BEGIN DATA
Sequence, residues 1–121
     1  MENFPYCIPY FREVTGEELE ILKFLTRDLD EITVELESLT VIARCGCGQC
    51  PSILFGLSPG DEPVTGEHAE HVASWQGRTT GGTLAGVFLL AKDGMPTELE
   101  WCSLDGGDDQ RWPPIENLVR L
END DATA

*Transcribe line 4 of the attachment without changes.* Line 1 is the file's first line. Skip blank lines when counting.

   101  WCSLDGGDDQ RWPPIENLVR L